Ms. Antonelli said she considered the lack of state income taxes in Florida “a free gift with purchase.” Even with an $800 homeowner’s association fee to cover lawn and sprinkler service and the clubhouse, “life wasn’t going to be any more expensive for us in Florida,” she said. She and her husband bought a five-bedroom, 5,900-square-foot “Veneto” model on a “dream lot” with a lake view for $1.4 million, adding 20 percent for a pool and other upgrades.
Ms. Antonelli and her family have temporarily moved back to New Jersey, but plan to move to Florida next June when school lets out, and will rent a home there until their new house is ready in the spring of 2022. “A lot of our final decisions will depend on how everything goes with this school year and Covid in New Jersey,” Ms. Antonelli said.
Long a destination of choice for northerners weary of taxes and cold weather, Florida’s appeal rose when the Tax Cuts and Jobs Act of 2017 limited to $10,000 the amount of total state and local taxes that can be deducted on a federal income tax return.
Despite a spike in coronavirus cases in Florida earlier this summer, the pandemic has increased the state’s allure. Demand at the wealthier end of the market has swelled “across the major markets of South Florida — Tampa and St. Pete are seeing the same amount of activity,” said Jay Phillip Parker, chief executive of Douglas Elliman’s Florida brokerage, with multimillion dollar sales snowballing in Palm Beach and Miami.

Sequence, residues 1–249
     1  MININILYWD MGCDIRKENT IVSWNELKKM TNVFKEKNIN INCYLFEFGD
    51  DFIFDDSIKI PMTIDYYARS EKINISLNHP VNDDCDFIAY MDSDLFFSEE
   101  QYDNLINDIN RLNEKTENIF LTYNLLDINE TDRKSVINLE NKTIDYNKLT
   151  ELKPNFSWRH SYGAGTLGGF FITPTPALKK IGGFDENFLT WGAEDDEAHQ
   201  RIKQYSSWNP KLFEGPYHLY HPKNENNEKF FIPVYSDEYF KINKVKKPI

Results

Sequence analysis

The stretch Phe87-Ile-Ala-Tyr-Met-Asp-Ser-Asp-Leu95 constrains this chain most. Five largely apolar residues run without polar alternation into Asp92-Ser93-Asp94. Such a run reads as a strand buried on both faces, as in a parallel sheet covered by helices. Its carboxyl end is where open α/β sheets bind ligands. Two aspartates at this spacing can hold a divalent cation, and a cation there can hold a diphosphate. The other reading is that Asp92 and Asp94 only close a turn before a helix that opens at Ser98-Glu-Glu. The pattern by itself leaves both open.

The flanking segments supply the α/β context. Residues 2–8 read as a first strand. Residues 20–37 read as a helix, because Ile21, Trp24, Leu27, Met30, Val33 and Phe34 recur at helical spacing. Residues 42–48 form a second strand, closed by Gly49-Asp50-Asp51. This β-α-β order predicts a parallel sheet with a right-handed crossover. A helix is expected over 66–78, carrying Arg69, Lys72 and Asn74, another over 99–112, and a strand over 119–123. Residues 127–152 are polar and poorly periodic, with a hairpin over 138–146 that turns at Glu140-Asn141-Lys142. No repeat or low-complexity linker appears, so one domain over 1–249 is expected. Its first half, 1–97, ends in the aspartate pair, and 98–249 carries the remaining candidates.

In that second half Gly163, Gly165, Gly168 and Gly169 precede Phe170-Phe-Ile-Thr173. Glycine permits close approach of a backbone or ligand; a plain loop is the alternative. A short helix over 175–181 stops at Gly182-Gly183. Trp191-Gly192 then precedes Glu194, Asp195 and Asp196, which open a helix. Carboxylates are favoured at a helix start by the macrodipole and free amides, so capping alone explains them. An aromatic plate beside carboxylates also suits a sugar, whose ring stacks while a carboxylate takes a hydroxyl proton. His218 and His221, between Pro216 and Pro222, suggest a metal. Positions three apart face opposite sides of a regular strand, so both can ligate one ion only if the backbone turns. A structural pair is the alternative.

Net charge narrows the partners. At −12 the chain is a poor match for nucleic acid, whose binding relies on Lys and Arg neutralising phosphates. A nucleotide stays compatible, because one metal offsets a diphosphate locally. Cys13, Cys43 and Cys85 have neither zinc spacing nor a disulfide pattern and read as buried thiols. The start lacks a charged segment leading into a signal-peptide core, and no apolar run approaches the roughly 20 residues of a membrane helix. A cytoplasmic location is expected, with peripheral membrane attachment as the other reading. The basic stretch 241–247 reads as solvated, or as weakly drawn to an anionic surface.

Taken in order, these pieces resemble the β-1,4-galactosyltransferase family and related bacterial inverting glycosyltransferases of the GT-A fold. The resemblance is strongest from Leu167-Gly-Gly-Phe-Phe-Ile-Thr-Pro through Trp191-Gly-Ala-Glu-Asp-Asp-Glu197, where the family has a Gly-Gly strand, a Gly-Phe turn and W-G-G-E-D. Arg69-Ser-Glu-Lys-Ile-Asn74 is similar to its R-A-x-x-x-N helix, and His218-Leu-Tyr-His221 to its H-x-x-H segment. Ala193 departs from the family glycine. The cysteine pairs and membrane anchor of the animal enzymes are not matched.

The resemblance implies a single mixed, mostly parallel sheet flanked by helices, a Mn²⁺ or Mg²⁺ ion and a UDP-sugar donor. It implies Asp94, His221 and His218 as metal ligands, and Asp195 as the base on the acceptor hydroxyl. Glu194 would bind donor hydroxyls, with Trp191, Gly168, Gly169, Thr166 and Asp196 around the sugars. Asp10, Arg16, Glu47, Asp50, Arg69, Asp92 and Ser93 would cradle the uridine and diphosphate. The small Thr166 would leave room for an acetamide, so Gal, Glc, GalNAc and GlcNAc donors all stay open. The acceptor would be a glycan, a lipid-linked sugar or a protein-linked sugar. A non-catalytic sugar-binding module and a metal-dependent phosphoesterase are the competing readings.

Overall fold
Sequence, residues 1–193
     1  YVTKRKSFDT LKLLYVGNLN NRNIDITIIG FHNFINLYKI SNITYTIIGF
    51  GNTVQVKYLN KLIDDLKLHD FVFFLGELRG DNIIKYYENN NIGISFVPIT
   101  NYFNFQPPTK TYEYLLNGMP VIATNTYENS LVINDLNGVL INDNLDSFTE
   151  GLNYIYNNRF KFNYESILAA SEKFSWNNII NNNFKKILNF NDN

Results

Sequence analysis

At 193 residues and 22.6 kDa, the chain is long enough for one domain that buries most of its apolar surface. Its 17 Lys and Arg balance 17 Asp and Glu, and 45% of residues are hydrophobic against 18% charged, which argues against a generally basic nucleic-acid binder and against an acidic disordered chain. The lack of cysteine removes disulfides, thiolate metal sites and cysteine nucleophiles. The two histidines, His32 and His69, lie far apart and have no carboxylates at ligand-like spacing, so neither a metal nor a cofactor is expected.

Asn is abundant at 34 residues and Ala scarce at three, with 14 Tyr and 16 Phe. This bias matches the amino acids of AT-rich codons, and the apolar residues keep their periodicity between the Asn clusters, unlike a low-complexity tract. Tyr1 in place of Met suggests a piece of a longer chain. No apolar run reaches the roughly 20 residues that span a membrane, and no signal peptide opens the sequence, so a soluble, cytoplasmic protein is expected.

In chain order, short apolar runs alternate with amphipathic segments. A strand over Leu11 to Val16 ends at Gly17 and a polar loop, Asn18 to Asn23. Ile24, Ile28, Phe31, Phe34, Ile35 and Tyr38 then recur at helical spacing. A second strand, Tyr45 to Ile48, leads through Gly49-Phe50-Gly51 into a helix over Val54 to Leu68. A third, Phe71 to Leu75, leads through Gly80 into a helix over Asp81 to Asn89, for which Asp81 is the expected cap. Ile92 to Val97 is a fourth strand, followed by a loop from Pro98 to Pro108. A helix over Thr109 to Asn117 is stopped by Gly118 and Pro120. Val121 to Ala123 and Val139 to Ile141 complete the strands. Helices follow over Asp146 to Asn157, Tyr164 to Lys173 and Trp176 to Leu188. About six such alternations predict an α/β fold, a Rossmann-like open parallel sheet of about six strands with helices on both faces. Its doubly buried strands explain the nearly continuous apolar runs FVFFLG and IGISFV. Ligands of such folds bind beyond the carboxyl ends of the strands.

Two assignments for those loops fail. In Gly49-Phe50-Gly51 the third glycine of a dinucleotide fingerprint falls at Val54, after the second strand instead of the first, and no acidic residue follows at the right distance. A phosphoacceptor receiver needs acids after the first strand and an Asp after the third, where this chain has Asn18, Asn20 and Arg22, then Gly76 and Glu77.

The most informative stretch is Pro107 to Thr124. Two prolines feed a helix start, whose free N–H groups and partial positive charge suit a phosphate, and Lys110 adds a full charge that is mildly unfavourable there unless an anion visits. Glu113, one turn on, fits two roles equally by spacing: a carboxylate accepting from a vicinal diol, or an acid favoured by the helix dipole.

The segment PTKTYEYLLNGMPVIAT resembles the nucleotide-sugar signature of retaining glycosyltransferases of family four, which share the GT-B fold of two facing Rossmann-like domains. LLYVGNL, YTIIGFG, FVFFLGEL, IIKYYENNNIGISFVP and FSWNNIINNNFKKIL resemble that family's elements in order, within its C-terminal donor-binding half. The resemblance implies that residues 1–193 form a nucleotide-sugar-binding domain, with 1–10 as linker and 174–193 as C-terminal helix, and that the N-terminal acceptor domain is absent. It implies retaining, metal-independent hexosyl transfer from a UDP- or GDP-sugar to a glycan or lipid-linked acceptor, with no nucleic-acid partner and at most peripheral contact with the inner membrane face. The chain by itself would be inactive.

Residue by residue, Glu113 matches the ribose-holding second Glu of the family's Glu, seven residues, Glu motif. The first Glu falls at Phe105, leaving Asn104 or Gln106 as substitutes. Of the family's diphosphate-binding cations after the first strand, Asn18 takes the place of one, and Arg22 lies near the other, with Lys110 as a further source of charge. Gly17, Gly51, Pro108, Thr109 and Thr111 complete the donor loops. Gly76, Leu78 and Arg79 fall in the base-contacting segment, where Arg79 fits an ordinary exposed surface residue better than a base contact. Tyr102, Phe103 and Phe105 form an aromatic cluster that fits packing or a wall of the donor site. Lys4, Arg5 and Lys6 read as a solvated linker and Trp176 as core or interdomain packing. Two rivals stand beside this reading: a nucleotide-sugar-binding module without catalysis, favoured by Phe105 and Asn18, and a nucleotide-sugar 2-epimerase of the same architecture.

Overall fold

Beyond Zoom calls and virtual tours, buyers fleeing urban centers have driven south or even chartered planes to view properties. Some who were wintering in Florida when the pandemic struck stayed. Many rented units “were sold to the tenants,” Mr. Parker said, noting that some statistics may be skewed because the activity was at a normally quiet time.
“The pandemic is one of the many elements that have contributed toward what we have always known to be a natural migration,” Mr. Parker added. “We’ve been referred to as the ‘sixth borough’.”
In Boca Raton, about 50 miles north of Miami, inventory is low and “demand is outrageous,” said Jared Ringel, an agent at Compass Florida. “There are multiple bids on houses now.” Neighboring Delray Beach, along with Parkland and Coral Springs, where homes in gated communities sell for $600,000 to $700,000, are also popular among out-of-state buyers seeking good schools and restaurants, said Chris Franciosa, another Compass agent.
Among the roughly 950 people moving to Florida every day, 45 percent head to South Florida, said Craig Studnicky, chief executive of ISG World, publisher of the 2020 Miami Report. During the pandemic, buyers are “moving much more toward permanent living” than to vacation homes. Many buyers from the Northeast were looking in August because they were concerned about whether “Covid could come back during flu season. If they are going to quarantine, they want to be in nice weather.”